Neymar has been instrumental in keeping Barca atop La Liga.
Tata Martino's Barcelona side have divided opinion among the Blaugrana demographic.
Although the style of football might be a little different from what we are used to seeing at Camp Nou, there's little doubt that Barca, post Pep Guardiola/Tito Vilanova, are still the team to watch.
Diego Simeone's Atletico Madrid are giving Barca a run for their money at present, but no one comes close to matching the beautiful brand of expansive football nurtured and developed by the Catalans.
Let's take a look at why Barca are still kings of La Liga...
Alexis Sanchez is a man reborn this season.
What has happened to Alexis Sanchez?!
The Chilean is unrecognisable compared to the shot-shy individual we saw last season. Although his goals have tailed off just recently, his contributions to the side have been out of the very top drawer.
This is the most confident we have seen Sanchez since his big-money move from Udinese, and Barca have certainly been the beneficiaries of some defining moments this term.
Who can forget this, by way of example?
Aside from the odd rotation by Tata Martino, Sanchez appears to have seen off competition from Pedro Rodriguez and Cristian Tello for a regular starting berth on the right.
We can expect more of the same in the second part of the season as the player aims to peak at World Cup 2014.
Tata Martino has ushered in a brave new world at Barca.
Tata Martino has been true to his word and played a brand of football to beat the opponent in front of him, rather than being tied to tiki-taka.
I have seen a good Barcelona, but perhaps how I look at beautiful football is different to you. I believe that you can have 20 pretty touches [to score] or you can have three.
We know that in addition to winning, which is most important, we are committed to the spectacle and how we set up.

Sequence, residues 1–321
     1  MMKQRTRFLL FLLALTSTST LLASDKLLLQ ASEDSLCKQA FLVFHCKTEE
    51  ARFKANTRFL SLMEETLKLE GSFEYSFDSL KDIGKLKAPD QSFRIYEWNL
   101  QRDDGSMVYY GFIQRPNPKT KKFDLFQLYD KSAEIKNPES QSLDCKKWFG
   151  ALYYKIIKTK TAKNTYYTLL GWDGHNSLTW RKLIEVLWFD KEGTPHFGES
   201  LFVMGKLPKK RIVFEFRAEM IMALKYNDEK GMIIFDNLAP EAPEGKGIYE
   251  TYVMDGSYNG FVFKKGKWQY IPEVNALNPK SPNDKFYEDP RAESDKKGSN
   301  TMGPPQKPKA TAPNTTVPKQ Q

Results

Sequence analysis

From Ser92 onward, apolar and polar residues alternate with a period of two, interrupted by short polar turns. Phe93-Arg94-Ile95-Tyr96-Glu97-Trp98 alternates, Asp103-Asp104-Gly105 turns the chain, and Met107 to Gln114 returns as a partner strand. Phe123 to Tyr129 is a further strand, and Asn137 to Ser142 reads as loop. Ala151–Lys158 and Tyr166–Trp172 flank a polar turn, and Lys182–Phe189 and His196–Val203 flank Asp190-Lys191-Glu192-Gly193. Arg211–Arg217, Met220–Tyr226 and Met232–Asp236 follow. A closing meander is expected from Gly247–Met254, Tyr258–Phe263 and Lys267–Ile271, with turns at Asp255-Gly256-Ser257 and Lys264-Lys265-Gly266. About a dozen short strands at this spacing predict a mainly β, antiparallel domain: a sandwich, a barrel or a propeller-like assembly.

We must solve our problems, not complain. With this squad, I will never make excuses.
With the exception of two poor performances at Ajax and Athletic Bilbao, and the first half hour at Getafe, Martino has his side playing in the best traditions of Barca, and changing up as necessary. It's a breath of fresh air.
Marc Bartra should be the first defender on the team sheet now.
What a success story Marc Bartra has been, and he continues to excel in the centre of defence when given the opportunity.
When you consider how authoritative his performances have been this season, it beggars belief as to why he was systematically overlooked by Tito Vilanova.
Bartra's weakness is, perhaps, a lack of experience, but his presence, distribution and defensive duties have all been carried out with great diligence during these first few months.
There appears to be continuing speculation as to the purchase of another central defender, yet one would have to question the validity of such claims given that Bartra has all of the qualities required to make him a mainstay in the position.
Neymar is fast becoming a very important player for the Blaugrana.
Another youngster has been the success story for Barca this season. Neymar has done everything required of him and then some.
A price tag of €57 million—astonishing for a 21-year-old—hasn't weighed heavily on the Brazilian's shoulders. In fact, he has positively thrived on it.
His 11 goals and 10 assists is a magnificent return and has in some way justified the price and often insatiable pursuit of the player's signature.
His humility and propensity for hard work has also surprised many, endearing him to team-mates, management and fans alike. And in the absence of an injured Lionel Messi, Neymar's general form has been a godsend.
Considering the punishment he has taken in the first half of the season, it's by sheer luck that he hasn't joined the Argentine on the treatment table, and that is potentially Barca's biggest concern.
Martino has the luxury of decent back-up when required.
One of Barca's biggest recent weaknesses has been the lack of depth in the squad.
There have still been a couple of instances this season where the bench has been light on experience, but in general terms, Martino has coped well with an intentional rotation policy.
His studious management of the entire squad has seen genuine competition for places, with no one player spared a spell on the sidelines.
With most positions now readily filled by a more-than-able deputy when required, such luxury should see a continued high level of team performance for the remainder of the campaign.
Xavi Hernandez is still the game-changer when utilised as a substitute.
Such was his impact that he managed 60 touches of the ball in just 28 minutes and was instrumental in Barcelona seeing out the game successfully.
Much was made of Xavi's tiredness toward the back end of last season, and Martino was quick to appraise the situation, making a firm decision to rest the elder statesman whenever the calendar allowed.
It has, and will continue to, pay dividends for Barca.